Dinner Rush! Frito Pie Stuffed Baked Potato
Being a native-born Yankee, I'm thankful that one of my best friends in life is a Mexican-blooded guy from Texas. Eddie gives me perspective and a glimpse into a life very different from the one I grew up with, especially when it comes to food.
Eddie and his family have shared with me some life-changing culinary traditions. Spending time in the kitchen with him and his Grandma Mary making fresh tortillas next to pots of simmering pinto beans are sights and smells that I'll never forget. They're gateway memories to a family lineage that takes immense pride in what they're able to produce and share with each other.
But that bucolic portrait of a life more devout and less complicated isn't what today is all about. Where there's a place for hand-crafted food made with love, there's an equally large place for some delicious junk food, which in Eddie's house means "Frito Pie." For those unfamiliar, Frito Pie is a Texas tradition that sees a bed of Frito corn chips topped with chili, cheese and onions. It's salty. It's cheesy. It's amazing. And I feel it deserve a graduation from the bar counter to the dinner table.
Preheat an oven to 400 degrees F. Rub the skins of the potatoes with about 2 tablespoons of oil and season with salt and pepper. Arrange the potatoes on a baking sheet and bake until tender, about 1 hour. Remove the baked potatoes from the oven and let rest until cool enough to handle, about 10 minutes.
While the potatoes are baking, place a heavy-bottom pot over medium-high heat with the remaining 2 tablespoons of oil. Reserve a few tablespoons of chopped onion to garnish the finished potatoes and add the remaining onion to the pot along with the garlic. Cook, stirring occasionally, until tender, about 5 minutes. Add the ground beef and chili powder to the pot and continue cooking until the meat is browned, 8 to 10 minutes. Add the tomato sauce, kidney beans, Worcestershire and 1 cup of water to the pot and bring the liquids up to a simmer. Reduce the heat to medium low, season with salt and pepper and simmer the chili until thickened, about 15 minutes. Keep warm.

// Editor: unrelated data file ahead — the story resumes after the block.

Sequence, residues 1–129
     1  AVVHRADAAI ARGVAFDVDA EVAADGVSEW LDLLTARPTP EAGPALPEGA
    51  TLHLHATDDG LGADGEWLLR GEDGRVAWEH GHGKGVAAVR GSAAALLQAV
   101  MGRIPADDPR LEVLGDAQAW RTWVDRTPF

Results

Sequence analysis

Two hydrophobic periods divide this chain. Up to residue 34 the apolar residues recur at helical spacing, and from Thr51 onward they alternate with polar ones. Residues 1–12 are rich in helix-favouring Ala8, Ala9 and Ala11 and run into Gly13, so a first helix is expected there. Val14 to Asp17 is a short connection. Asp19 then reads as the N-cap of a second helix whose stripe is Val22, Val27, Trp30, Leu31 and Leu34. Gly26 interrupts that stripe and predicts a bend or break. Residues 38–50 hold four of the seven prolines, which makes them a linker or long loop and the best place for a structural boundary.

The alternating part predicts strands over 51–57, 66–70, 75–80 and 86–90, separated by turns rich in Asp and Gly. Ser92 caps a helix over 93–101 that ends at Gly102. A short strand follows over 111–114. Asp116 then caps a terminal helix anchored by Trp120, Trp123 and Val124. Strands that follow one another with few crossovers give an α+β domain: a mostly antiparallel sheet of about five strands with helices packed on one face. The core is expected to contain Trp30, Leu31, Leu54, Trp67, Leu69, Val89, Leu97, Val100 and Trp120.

When the potatoes are cool enough to handle, carefully scoop the flesh out into a large mixing bowl, taking care to keep the skins whole and intact. Ladle about 2 cups of the prepared chili into the bowl with the potatoes and mash them to combine. Scoop the loaded filling back into the potato skins. Garnish the potatoes with the cheese, chips and reserved onions. Serve warm.
Patrick W. Decker’s life revolves around food. Always has, probably always will. As a graduate of The Culinary Institute of America and past member of the culinary team for Food Network stars like Rachael Ray, Sandra Lee and Paula Deen, he now works as a food stylist and producer in NYC by day and a food writer and recipe developer at his home in New York’s Hudson Valley by night. You can see what he’s up to by following his latest Tweets on Twitter at @patrickwdecker or visiting his website at patrickwdecker.com .